City Hall ditch

A ditch behind city hall in Anniston is causing the new federal courthouse site to be possibly moved. (Stephen Gross / The Anniston Star)

Anniston officials hope a new federal courthouse will be built on the block where City Hall now sits, but reports released Monday seem to show the federal government favors another site, at least for now.

Toby Bennington, Anniston’s director of economic development and city planning, said Wednesday that while the city feels it made a good proposal for use of the City Hall block, what matters most is that the new $42 million federal courthouse be located in Anniston.

“For it to be located in downtown Anniston for us is the number one priority,” Bennington said. “Number two is that the process is moving forward.”

The U.S. General Services Administration on Monday released reports that show that 80 percent of the block where City Hall sits is in a floodplain. Snow Creek crosses the northwestern corner of the site in an underground concrete channel. The agency deems that fact to be a “major negative impact” in its decision among three sites selected as possible locations for the new federal courthouse, according to one report.  

According to Bennington, the GSA’s report ranked as the most favorable site the block bordered by 14th Street, Moore Avenue, 13th Street and Grove Street, just north of the Cheaha Brewing Company. The report at least found the fewest problems with that site. The City Hall block ranks second, Bennington said, followed by the block bordered by West 10th and West 11th streets and Gurnee and Moore avenues. Both those sites had “major negative impacts” noted in the report.

Each of the three sites received varying grades in 11 categories in the environmental report. The GSA’s release of the draft environmental assessment and cultural resources assessment reports began a 30-day period for public comment.  

Once collected, any comments will be included in a report and sent to another GSA department, which will then begin looking at other aspects of the site selection process, Bennington said.

“When they start looking at it from a planning, location access point of view, which is the second phase, it may be looked at differently,” Bennington said.

Attempts to reach a GSA spokeswoman Wednesday were unsuccessful.

Anniston officials have proposed swapping the city-owned land where City Hall now sits to the federal government in exchange for the current federal courthouse at Noble and 12th streets, which would later become City Hall.

In addition to concerns over the potential for flooding in the City Hall block, the GSA found that building near the former Greyhound bus station on Gurnee Avenue, site of the new Freedom Riders National Monument, would have a “major negative impact” on that area.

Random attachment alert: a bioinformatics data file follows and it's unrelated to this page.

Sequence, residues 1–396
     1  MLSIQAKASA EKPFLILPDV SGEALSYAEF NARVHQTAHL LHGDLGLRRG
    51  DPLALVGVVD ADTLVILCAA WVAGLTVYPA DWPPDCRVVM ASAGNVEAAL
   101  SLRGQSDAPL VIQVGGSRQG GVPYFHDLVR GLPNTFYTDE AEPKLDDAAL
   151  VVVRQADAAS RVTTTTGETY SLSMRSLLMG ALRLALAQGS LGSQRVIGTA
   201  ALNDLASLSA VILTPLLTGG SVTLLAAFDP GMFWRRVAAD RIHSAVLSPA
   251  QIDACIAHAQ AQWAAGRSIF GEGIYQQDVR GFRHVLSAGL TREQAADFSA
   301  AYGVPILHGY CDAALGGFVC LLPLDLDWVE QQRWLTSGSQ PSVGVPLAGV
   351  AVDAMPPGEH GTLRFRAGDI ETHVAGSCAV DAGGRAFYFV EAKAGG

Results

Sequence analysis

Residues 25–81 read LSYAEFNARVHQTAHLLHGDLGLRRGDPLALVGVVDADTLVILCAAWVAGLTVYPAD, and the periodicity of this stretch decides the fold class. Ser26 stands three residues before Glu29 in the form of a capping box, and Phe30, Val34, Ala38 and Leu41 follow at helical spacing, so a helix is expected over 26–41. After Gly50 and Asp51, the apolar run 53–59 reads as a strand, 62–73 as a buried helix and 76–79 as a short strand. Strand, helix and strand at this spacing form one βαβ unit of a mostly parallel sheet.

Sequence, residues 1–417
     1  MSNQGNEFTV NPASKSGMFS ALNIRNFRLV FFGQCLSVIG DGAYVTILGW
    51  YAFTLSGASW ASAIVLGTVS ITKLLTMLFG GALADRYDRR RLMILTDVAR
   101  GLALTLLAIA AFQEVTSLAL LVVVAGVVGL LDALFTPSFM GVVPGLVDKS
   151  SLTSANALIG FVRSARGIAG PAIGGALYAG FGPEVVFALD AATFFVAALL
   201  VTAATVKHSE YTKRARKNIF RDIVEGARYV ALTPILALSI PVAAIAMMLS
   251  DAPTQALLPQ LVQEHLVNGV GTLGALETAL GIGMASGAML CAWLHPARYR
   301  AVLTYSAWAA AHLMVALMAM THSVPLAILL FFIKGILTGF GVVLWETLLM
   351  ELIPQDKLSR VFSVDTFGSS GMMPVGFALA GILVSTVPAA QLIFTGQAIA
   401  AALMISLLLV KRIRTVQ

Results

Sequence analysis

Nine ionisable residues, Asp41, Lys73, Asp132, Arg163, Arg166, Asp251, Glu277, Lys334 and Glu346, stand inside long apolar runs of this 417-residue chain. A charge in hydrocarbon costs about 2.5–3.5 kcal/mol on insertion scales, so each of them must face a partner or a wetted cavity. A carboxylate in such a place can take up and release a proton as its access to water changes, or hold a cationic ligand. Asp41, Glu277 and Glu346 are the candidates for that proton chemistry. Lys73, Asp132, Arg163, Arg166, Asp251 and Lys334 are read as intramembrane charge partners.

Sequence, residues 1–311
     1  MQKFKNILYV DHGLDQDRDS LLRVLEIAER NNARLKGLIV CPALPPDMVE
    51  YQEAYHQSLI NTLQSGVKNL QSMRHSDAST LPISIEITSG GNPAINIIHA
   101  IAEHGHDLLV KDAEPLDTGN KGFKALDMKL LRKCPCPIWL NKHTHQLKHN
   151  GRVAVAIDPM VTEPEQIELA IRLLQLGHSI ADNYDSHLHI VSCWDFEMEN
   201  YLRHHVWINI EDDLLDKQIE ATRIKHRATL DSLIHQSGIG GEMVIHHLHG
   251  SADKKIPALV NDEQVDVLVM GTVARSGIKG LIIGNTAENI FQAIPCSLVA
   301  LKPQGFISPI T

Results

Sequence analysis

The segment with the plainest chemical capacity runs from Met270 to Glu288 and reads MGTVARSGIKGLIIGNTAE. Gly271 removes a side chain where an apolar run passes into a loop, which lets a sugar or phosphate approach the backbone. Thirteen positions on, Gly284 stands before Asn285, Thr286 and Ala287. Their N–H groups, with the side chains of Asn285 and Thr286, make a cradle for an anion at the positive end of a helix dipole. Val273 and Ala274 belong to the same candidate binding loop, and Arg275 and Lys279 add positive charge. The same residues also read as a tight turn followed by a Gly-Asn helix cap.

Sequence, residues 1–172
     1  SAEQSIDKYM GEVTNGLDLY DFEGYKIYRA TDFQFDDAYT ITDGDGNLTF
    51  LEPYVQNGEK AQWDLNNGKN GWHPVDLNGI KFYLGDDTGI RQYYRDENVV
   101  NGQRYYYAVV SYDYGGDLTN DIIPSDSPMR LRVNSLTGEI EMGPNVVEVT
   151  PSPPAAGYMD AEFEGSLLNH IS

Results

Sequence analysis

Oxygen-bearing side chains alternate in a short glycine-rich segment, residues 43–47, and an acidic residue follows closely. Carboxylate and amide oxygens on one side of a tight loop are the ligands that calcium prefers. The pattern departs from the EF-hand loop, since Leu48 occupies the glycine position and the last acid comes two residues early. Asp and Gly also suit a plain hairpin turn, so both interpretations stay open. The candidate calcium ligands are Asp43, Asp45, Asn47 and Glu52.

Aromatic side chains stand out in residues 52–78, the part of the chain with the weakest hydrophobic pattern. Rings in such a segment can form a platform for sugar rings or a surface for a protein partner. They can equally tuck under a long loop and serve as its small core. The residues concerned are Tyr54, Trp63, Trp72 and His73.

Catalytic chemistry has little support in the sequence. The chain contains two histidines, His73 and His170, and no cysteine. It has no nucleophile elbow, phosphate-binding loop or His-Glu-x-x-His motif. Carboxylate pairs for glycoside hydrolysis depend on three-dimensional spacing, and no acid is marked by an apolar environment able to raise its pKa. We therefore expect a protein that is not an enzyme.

In a Jan. 26 letter to the GSA, the National Park Service asked that the block adjacent to the former Greyhound station would be the least appropriate, because the demolition of the 14 buildings across Gurnee from the monument would hurt its ability to “convey its historic associations” and damage its “integrity of setting.”

The Alabama Historical Commission agreed, and asked that the GSA select the block near Cheaha Brewing Company, according to the report.

The cultural resources assessment released by the GSA on Monday states that each of the three sites are located within the Downtown Anniston Historic District, and construction in any would require permission from the Anniston Historic Preservation Commission.

Robert Downing, owner of Downing’s General Store, which has been on the block West 10th and West 11th streets and Gurnee and Moore for 54 years, said Wednesday that he’s pleased the GSA seems to least favor his block, and he hopes the agency selects the City Hall site.

Agreeing to swap the city-owned land for the current federal courthouse, for use as the new City Hall, would make the best use of the old marble-clad courthouse, Downing said.

“It’s a very fine architectural structure that should be utilized for public purpose, and it would be the most economical thing for the GSA,” Downing said, referring to the cost associated with keeping up the former courthouse, if the agency were to turn down Anniston’s proposal.  

Attempts to contact other owners of properties on the block shared by Downing’s General Store were unsuccessful Wednesday, although several have previously expressed a desire to see the new courthouse located there.  

Frank Arnold, whose family owns property on the block bordered by 14th Street, Moore Avenue, 13th Street and Grove Street, said Wednesday that he’s pleased that GSA has ranked that block most favorably.

The GSA has said the new federal courthouse is needed because the current courthouse is too small and no longer meets safety needs.The new courthouse is to be better equipped to hold federal criminal trials, in addition to the civil trials currently held in Anniston.  

The GSA expects to have plans completed by the summer of 2019, according to the agency’s website, and the new courthouse built by the summer of 2021.

Staff writer Eddie Burkhalter: 256-235-3562. On Twitter @Burkhalter_Star.